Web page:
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Reflections of Youth Ministry

November 12, 2008 Leave a comment Go to comments

Well, I have been a youth pastor for almost six months now.  It is different than what we studied in college?  For sure.  I feel like I received a top notch training at FWBBC for youth ministry, but they can only do so much.  I was taught a lot of practical stuff that is coming into play now.  I was taught a lot of youth ministry philosophy that is coming into play now.  It’s great.

This morning I was thinking a bit about my days in youth group.  I look at the people that I shared time with while I was in youth group.  I started looking to see where some of them were.  I don’t keep up with many of them, but the ones I know where they are, it is quite surprising, just to be honest.  Some of them are not even in church.  It fits right along with all of the scary statistics we see about young adults in the church today.  I look at where they are and I wonder, how can two people who grew up in the same youth group, have the same involvement in the youth group and church, grow up in Christian homes, and be seemingly dedicated to the Lord throughout their teenage years, wind up in two complete opposite places, and not just geographically.  I look at where some of my friends are, and it saddens me.  I remember the days at youth camp, the nights in youth group meetings, the retreats, and even just the conversations.  I remember the tears that were cried at the altars, the smiles that were shared after things were straightened out.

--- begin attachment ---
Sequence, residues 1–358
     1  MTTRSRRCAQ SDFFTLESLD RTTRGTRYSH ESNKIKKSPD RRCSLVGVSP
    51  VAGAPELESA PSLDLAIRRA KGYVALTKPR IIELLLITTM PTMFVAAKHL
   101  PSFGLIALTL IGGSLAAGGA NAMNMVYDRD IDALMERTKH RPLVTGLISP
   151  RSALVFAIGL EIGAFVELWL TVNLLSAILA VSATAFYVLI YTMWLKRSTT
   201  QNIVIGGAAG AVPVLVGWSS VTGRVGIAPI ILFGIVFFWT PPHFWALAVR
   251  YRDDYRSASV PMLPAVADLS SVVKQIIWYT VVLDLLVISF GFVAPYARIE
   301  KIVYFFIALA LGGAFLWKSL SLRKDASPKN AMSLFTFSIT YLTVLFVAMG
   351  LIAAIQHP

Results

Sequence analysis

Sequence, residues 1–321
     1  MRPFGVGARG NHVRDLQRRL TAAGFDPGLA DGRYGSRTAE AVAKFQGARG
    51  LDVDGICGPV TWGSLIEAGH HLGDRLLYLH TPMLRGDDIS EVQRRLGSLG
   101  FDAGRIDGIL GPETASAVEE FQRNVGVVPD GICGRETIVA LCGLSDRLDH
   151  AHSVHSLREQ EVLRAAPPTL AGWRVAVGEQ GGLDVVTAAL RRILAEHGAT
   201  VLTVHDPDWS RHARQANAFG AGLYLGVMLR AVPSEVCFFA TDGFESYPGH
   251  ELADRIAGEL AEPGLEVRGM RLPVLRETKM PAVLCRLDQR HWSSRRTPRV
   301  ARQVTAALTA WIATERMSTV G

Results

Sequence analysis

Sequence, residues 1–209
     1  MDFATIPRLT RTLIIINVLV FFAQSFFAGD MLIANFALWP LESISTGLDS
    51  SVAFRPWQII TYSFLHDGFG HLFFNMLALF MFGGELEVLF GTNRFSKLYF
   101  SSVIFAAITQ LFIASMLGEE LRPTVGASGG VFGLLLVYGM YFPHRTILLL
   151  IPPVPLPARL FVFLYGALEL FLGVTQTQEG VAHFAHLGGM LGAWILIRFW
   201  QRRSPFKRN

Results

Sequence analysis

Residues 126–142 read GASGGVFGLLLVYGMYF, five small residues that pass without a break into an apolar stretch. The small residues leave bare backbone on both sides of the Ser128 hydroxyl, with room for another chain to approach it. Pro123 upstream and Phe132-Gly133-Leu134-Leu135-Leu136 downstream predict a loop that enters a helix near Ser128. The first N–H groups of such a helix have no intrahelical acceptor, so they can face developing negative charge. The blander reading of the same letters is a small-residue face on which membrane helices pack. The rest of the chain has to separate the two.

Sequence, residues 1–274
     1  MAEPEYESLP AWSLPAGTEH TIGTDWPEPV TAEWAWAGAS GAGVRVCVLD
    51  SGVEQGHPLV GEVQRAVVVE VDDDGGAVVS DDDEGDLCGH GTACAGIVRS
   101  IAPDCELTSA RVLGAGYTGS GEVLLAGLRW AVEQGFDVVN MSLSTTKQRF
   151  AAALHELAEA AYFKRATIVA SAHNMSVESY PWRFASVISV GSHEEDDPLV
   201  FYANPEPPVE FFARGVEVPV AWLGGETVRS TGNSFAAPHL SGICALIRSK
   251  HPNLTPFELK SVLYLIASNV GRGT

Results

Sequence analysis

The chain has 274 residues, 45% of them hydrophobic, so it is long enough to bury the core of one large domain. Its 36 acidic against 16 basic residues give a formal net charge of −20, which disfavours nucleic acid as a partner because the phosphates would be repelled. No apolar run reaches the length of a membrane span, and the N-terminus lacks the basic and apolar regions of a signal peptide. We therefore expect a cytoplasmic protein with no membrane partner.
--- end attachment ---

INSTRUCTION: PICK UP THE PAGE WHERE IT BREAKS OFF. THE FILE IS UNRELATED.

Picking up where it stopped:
I am far from claiming that I am perfect, as I look at my life and claim the same things that Isaiah says in Chapter 6 about being a man of unclean lips.  Yet, for some of them, it appears they have forgotten those joyous days as a youth group.  They have forgotten the things they left at the altar.  They have forgotten the decisions and promises they’ve made.  They almost seem like they just don’t care.

This effects me for two reasons.

1.) These were some of my closest friends.  We had thirty teens come together and be in the youth group and worship and have fun.  We shared spiritual moments.  It was so real.  And now, I don’t know where all of them are, but I know it’s well over half have little or no involvement in the local church.  It hurts to see where some of them have ended up.

2.) Where will the kids in my youth group be in five years?  Will I look back and wonder what happened to some of them?  Will I be able to find them filling the pews, classes, pulpits of local churches?  Or will I find old pictures of the last time they went to church?  To make an impact on teenagers and lead them to spiritual maturity that lasts until their last breath…that’s my goal.  My goal is to watch children who come on Wednesday night grow up through the church, and one day, down the road, be a pastor, a teacher, a mechanic…who is dedicated and loves God with all his or her heart.  

How do you do it?  How do we reverse the trend that has been set?  How do we change the percentages to 85% of teenagers will stay in the church and become leaders, instead of 85% of teens will leave the church?  I hope I can find out soon.

  1. November 12, 2008 at 3:00 pm

    Something I am coming to believe is this:

    It’s not that young adults don’t love God anymore. It’s that they don’t see how the church is essential to their lives.

    Young adults don’t have a problem with God. They have a problem with His bride.

  2. November 12, 2008 at 3:01 pm

    Another thing.

    I’m not so sure young adults are wrong either.

  3. Derek
    November 12, 2008 at 4:28 pm

    I agree with your statement. What can we do to fix the problem? This is a problem that is not fixing itself. It actually is getting worse. What can the “bride” do?

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